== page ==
3. AdGuard

AdGuard is a veteran provider in the world of ad-blocking. The open-source app removes all kinds of ads in Safari, including banners, pop-ups and video ads. You can whitelist your favorite websites or use a manual blocking tool to hide any elements on a page.

There are a selection of filters aimed directly at stopping trackers and web analytics – with around 50 to choose from in total. AdGuard also enables protection against malicious or fraudulent websites. 

The user-rules module lets you create your own rules — anything from simple allow-listing of a website to something more sophisticated.

AdGuard is ostensibly free, though you’ll need to pay a subscription to access many of the features mentioned above. Prices are based on either a year’s subscription, or a lifetime’s subscription. 

All plans come with a 60-day money-back guarantee. Alternatively, you can try AdGuard for free with a 14-day trial. AdGuard is compatible with iPhones running iOS 11.2 or later, and iPads running iPadOS 11.2 or later. 


  • Removes all types of ad 
  • Supports manual blocking
  • Plenty of filters to choose from
  • Sixty-day money-back guarantee


  • The app can sometimes freeze up
  • No monthly subscription option

HIGHLY ADAPTABLE: with features and provides a robust ad-blocking service for iPhones and iPads.  

4. 1Blocker

1Blocker is a powerful, independently built-and-maintained app specifically designed for the iOS operating system. As it’s a web extension, it won’t block anything outside of the Safari browser.

When you launch the app, it tells Safari what should be blocked in advance, rather than blocking filtered elements of the already-downloaded page. This improves display speeds and preserves battery life. 

Blocking ads, cookies, comments and the like is as simple as checking the right boxes. Frequent rule updates ensure that your choices stay blocked. 

There are two versions of 1Blocker, with the free option offering less functionality. The paid-for version provides system-wide firewall protection from in-app trackers, a whitelist extension, and the option to sync your settings across all iOS devices. 

It also allows you to tailor the app using custom rules. These rules are divided into several categories, including: allow list, block sites, block cookies, hide elements, and make site https-only. The website has all the information you need to get started with creating custom rules. 

The app is compatible with iPhones running iOS 14.2 or later, and iPads running iPadOS 14.2 or later. New customers signing up to the free version can take advantage of a two-week free trial of the app’s premium features. 


  • Create custom rules
  • Whitelist extension available
  • Two-week free trial


  • Only works within Safari
  • Could confuse some users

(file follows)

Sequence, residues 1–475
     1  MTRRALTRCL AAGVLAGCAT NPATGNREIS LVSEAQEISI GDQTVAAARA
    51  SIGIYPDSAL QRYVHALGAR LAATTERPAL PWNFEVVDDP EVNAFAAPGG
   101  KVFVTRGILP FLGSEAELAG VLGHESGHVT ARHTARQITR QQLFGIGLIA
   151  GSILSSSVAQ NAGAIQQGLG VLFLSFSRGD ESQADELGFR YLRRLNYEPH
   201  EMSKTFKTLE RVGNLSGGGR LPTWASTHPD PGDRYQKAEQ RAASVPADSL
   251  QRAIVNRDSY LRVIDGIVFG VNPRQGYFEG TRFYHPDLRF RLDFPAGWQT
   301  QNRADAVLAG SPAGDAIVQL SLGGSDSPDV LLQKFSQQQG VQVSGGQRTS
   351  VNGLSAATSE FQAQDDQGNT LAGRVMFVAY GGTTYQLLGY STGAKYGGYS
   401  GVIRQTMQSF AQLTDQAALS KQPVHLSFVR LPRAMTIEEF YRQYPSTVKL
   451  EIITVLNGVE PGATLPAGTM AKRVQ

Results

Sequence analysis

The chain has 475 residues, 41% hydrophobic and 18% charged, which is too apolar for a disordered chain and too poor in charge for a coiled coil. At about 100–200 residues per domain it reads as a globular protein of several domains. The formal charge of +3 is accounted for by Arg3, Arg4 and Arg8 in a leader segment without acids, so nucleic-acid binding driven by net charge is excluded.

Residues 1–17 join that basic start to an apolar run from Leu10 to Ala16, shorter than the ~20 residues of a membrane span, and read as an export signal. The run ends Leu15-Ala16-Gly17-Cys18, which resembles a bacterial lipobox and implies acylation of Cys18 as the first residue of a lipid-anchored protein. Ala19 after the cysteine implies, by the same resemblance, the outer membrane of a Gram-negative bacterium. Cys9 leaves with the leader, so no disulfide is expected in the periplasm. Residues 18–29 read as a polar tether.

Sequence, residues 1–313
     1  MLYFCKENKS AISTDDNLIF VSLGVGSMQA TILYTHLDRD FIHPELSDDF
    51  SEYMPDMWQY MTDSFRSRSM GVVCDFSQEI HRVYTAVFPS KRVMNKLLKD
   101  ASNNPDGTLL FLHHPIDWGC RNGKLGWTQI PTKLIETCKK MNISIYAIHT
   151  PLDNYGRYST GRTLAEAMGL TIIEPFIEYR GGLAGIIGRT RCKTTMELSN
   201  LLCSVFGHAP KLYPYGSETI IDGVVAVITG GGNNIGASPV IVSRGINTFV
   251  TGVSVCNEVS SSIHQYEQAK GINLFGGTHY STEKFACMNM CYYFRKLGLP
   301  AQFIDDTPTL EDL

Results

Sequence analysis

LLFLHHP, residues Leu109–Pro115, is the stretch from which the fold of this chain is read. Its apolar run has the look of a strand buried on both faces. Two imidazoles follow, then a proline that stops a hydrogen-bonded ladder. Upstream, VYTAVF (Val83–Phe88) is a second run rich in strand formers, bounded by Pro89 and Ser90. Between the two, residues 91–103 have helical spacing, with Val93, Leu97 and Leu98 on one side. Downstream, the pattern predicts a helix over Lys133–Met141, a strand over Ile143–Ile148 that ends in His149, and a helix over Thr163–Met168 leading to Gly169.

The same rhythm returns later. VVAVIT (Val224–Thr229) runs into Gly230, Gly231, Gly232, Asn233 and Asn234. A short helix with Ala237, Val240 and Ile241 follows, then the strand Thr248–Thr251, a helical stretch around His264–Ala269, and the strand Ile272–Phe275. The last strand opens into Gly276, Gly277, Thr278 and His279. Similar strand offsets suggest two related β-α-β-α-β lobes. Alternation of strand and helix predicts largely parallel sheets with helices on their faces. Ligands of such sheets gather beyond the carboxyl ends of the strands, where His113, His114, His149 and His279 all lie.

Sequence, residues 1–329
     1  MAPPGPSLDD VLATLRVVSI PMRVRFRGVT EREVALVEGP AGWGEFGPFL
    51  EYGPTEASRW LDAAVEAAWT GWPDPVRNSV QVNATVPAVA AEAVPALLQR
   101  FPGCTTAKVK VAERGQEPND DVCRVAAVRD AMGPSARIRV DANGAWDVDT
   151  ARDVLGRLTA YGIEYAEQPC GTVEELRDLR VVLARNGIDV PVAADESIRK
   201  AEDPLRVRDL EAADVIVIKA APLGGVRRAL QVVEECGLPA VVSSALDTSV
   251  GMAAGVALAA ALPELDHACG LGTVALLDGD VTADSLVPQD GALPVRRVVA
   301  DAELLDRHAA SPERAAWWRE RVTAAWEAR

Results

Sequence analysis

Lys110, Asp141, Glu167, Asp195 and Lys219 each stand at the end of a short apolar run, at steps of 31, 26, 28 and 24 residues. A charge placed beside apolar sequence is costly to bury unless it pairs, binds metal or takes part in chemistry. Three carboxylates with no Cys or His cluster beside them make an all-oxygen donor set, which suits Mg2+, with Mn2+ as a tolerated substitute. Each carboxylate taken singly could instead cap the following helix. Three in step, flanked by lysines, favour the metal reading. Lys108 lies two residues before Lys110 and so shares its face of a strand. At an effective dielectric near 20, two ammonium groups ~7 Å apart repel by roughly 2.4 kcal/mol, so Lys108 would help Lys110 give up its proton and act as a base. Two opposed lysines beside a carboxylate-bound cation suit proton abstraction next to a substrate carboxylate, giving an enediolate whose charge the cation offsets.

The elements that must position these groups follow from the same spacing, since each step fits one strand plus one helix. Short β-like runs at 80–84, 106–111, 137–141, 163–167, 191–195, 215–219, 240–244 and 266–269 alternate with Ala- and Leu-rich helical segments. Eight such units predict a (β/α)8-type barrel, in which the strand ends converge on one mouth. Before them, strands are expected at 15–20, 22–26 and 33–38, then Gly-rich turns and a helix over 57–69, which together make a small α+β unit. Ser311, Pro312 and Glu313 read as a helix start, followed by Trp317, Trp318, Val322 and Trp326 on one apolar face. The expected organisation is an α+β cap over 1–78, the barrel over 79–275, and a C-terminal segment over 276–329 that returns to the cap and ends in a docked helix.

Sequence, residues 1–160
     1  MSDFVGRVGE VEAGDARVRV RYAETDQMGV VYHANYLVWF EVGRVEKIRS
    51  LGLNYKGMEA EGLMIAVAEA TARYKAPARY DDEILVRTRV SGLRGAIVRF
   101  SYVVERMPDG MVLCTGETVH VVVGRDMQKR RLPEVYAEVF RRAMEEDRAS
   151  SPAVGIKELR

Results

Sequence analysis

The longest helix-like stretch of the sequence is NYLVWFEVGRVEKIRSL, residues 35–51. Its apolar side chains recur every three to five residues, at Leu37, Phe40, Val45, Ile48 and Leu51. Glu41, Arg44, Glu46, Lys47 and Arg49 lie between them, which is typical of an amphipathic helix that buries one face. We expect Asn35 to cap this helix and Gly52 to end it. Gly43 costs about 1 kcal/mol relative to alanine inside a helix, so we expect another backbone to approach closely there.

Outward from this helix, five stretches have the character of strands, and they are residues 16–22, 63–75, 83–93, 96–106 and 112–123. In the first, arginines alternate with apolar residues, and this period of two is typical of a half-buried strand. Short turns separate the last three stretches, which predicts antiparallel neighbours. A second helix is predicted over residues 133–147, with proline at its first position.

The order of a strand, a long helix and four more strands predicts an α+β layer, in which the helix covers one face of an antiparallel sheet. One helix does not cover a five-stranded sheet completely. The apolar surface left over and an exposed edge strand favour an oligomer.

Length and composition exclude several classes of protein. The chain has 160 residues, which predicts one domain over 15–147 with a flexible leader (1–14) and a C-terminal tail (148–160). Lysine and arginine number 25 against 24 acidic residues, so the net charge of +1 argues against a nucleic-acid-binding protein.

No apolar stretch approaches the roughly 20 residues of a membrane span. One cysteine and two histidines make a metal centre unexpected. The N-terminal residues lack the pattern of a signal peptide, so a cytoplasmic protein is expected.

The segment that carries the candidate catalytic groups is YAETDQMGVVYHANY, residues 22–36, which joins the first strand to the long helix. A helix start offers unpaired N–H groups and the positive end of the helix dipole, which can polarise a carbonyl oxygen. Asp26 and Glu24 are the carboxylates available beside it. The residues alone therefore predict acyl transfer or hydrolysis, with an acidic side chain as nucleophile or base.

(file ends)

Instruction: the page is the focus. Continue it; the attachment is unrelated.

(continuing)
PROVEN TRACK RECORD: for iPhones and iPads, with plenty of scope for customization and a low subscription fee. 

5. Wipr

Wipr is a straightforward and effective ad-blocker for Safari that can be set up in seconds. It blocks all ads, trackers, cryptocurrency miners, EU cookies and GDPR notices on web pages opened in Safari. That said, Wipr specifically states that it is not a security tool, so won’t block malicious, scam or phishing sites. 

Wipr can block ads on some apps, but only those that display websites using the Safari View Controller. This is essentially a screen managed by Safari that apps can use without needing to open the actual Safari browser. Apps like Tweetbot and some other social networking sites use it for all web links. 

If you find that opening sites such as YouTube still results in ads, you can try using the Wipr Extra extension. This provides blocking on a few sites where the Content Blocker API isn’t enough. Wipr Extra isn’t enabled by default as it requires full website access, which raises some privacy issues. If you do want to try it, you’ll need to be running at least iOS 15.

Wipr’s block-list is updated twice a week, which ensures few ads slip past it. You don’t need to do anything – the app will check for updates for you. Indeed, this is the beauty of Wipr on the whole – you don’t need to do anything beyond activating it. While this is great for some, it could be frustrating for those who prefer a little more control. 

The app is compatible with iPhones running iOS 12.0 or later, and iPads running iPadOS 12.0 or later. 


  • No acceptable ads
  • Easy setup


  • Only works within Safari
  • No custom rules
  • No whitelist options

GREAT FOR BEGINNERS: that’s simple to install and offers impressive blocking ability. 

Methodology: How we chose the 5 best ad-block apps for iPhone and iPad

Being able to block ads is all well and good, but it’s something many people have come to expect from free apps. So what might we expect from a paid-for ad-blocker? We considered the following areas: